JR: With Quick it's all second effort, secondary opportunities. The points have to shoot for deflections. They can't shoot to score because it's not too often that a defenseman is going to score from the blue line on a direct shot. They have to shoot for deflections and it's secondary. It's rebound to top shelf, rebound to top shelf. He covers the lower half of the net so well and he's so good laterally that it has to be a bang-bang play to get in the net, or it's not going to get there.
NHL.com: If the Devils can get to Quick, what kind of pressure does that put on the rest of the Kings?
JR: Well, the Kings haven't really been under duress at all in these playoffs. The Devils have. They've played a seven-game series. They've been down in series. They've been down in games. They've had to battle back. The Kings haven't had that. When you haven't had that deficit, that mentality or mind frame, that benefits the New Jersey Devils.
TORONTO -- Many of the top draft-eligible prospects were still filing into NHL Central Scouting headquarters here late on Monday night following their arrival at Toronto's Pearson International Airport.
At one point in the evening, Sarnia Sting teammates Nail Yakupov and Alex Galchenyuk decided to take a late-night tour of the mini-Reebok store set up in the hotel ballroom. Yakupov is rated the No. 1 prospect in North America by NHL Central Scouting. Galchenyuk, who appears to be fully recovered from ACL surgery in October, is No. 4 on the list.
While many have speculated that this summer would be a perfect time for the 40-year-old goalie to retire -- especially if his New Jersey Devils defeat the Los Angeles Kings in the Stanley Cup Final, which begins in Newark with Game 1 on Wednesday (8 p.m. ET, NBC, CBC, RDS).
But, Brodeur doesn't necessarily subscribe to that train of thought, at least according to the comments he made after Monday's practice at the Prudential Center. It is a continuation of the storyline he has espoused since January and he says emotional Stanley Cup Playoffs wins against the Philadelphia Flyers and New York Rangers and a unexpected berth in a fifth Stanley Cup Final have done nothing to change his mind.
"I can’t say no, but I doubt it," Brodeur said Monday when the idea of retiring if the Devils defeat the Kings in the Finals was broached. "I'm really enjoying this. Regardless of what happens in this series, I think we made a great step last year at the end of the year and through this year to have a really good team and a good coaching staff together and it’s fun. To me, it's all about having fun coming to the rink.
"I know a lot of people say it's great to retire on top, but at the end of the day, when I'm going to say it's over, it's over, I'm not going to come back. I want to make sure I make the right decision. Right now I'm leaning toward coming back. We'll see."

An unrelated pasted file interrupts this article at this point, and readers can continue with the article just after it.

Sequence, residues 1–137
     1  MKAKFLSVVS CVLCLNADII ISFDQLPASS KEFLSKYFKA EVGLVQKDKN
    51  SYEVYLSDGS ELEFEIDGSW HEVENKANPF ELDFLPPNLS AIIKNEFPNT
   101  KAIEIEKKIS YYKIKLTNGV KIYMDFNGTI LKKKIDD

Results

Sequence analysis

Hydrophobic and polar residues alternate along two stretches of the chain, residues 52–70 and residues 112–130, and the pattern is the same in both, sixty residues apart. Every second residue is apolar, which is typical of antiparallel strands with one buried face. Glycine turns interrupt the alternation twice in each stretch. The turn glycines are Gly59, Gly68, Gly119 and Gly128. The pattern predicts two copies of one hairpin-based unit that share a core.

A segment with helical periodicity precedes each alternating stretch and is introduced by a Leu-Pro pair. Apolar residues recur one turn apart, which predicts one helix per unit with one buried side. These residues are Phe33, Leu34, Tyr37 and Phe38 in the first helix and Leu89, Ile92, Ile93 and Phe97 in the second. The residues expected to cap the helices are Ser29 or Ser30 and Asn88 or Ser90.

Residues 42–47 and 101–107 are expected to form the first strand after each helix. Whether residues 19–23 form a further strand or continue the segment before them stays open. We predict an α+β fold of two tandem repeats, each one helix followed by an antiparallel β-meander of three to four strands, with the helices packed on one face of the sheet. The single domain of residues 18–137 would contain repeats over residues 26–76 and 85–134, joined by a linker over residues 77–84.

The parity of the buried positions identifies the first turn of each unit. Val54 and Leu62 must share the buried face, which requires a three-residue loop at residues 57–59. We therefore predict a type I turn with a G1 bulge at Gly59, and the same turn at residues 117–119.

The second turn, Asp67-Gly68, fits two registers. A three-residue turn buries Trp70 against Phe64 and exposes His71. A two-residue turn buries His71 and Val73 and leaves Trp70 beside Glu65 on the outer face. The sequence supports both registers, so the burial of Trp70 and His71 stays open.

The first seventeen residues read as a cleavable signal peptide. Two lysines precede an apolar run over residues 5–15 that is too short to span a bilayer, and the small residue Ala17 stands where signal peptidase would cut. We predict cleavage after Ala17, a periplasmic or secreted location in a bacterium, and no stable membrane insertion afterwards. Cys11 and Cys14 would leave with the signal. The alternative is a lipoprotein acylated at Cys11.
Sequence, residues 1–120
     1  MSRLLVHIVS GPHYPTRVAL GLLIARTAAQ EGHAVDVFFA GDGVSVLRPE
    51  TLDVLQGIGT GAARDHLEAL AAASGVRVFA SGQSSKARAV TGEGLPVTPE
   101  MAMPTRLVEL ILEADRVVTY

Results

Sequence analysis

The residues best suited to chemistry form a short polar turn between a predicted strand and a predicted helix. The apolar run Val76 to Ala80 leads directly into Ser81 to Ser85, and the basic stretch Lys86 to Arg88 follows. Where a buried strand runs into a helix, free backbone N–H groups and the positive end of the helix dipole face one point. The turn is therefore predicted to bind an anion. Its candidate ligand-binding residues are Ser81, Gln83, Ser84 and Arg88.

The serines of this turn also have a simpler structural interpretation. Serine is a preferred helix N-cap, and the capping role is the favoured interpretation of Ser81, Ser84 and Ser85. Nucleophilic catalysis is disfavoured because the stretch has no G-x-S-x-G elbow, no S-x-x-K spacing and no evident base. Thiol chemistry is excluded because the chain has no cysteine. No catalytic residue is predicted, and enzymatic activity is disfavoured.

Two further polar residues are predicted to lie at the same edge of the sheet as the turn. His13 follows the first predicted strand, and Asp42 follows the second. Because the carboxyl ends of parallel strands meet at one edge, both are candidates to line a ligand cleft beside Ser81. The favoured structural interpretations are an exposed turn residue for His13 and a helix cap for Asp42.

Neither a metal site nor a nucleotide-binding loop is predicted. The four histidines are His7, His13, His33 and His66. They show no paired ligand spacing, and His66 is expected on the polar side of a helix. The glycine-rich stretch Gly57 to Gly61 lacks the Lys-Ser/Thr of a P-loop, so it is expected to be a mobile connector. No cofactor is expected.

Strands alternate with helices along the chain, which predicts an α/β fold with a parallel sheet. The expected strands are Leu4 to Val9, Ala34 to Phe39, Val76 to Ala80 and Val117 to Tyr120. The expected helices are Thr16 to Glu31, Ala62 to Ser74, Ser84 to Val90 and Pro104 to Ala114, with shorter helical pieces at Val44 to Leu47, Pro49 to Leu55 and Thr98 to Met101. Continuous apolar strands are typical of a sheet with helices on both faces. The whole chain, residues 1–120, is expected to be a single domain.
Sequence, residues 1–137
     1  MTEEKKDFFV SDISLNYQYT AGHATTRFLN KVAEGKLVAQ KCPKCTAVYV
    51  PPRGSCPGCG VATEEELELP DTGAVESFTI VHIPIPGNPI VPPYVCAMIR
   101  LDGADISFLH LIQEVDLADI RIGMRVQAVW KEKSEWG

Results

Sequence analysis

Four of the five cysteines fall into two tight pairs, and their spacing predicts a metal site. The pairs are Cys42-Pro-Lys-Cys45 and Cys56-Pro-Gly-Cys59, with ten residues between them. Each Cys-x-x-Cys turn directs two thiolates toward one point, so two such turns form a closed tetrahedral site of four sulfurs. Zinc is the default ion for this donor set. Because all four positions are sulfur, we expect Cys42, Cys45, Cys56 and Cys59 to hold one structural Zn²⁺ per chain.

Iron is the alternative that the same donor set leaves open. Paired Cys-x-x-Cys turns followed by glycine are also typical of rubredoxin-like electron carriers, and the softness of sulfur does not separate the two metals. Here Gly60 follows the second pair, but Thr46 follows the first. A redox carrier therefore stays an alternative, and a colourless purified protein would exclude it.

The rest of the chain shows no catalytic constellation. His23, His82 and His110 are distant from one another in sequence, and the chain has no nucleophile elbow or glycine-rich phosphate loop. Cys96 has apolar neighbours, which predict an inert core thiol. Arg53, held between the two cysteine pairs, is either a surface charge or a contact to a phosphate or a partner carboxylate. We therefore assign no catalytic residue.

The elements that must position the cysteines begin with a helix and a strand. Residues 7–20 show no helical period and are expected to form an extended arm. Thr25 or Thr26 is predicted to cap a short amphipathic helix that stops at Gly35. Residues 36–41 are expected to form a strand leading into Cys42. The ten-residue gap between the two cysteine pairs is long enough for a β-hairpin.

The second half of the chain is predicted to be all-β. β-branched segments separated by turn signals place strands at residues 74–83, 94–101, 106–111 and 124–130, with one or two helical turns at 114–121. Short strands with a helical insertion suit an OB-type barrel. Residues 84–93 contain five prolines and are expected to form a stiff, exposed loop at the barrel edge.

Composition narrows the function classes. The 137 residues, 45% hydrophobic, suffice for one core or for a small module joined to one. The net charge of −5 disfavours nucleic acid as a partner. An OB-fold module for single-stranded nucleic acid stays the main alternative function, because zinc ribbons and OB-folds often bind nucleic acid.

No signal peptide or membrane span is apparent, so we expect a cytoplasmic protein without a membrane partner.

And, don't think that Brodeur is just being swayed by the magical run he and his team are on this spring. He began entertaining thoughts of playing beyond this year when his team rallied from an abysmal start in the 2010-11 season to almost make the playoffs in stunning fashion last year.
"The way I'm enjoying myself, we jelled as a team," Brodeur said. "Coming to the rink was fun, on the road was fun, that's what I was looking for. I didn't have fun last year. I'm not used to losing. That was tough. To me, I really thought this was going to be my last year, but more and more, it was I can still play."
Wednesday, in Game 1 of the Final, Brodeur will play in his 200th Stanley Cup Playoff game. Only Patrick Roy has played in more playoff games, registering 247 contests. Brodeur's counterpart from the Kings, Jonathan Quick, has played in just 27 postseason games.
Alex Galchenyuk is a forward for the Sarnia Sting of the Ontario Hockey League. The 6-foot, 198-pound forward was born in Milwaukee but is of Russian decent -- his father, Alexander, spent five of his 22 professional seasons playing in the U.S. Alex was the first pick of the 2010 OHL draft, and last season had 31 goals and 52 assists in 68 games. He had 2 goals and an assist in five games for Team USA at the Ivan Hlinka Memorial Tournament, and returned to take part in the 2011 NHL Research, Development and Orientation Camp in August. Despite suffering a major knee injury that nearly ended his season before it really began, Galchenyuk has maintained a monthly blog for NHL.com that will chronicle his season leading up to the 2012 NHL Entry Draft.
It's been a long season but I'm really happy now. I'm on my way to Toronto for the Scouting Combine.